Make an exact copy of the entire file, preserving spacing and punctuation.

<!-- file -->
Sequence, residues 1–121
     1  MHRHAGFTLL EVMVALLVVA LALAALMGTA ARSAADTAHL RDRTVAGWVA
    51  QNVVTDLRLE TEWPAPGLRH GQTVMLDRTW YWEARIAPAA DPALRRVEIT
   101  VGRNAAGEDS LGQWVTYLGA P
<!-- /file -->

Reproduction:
Sequence, residues 1–121
     1  MHRHAGFTLL EVMVALLVVA LALAALMGTA ARSAADTAHL RDRTVAGWVA
    51  QNVVTDLRLE TEWPAPGLRH GQTVMLDRTW YWEARIAPAA DPALRRVEIT
   101  VGRNAAGEDS LGQWVTYLGA P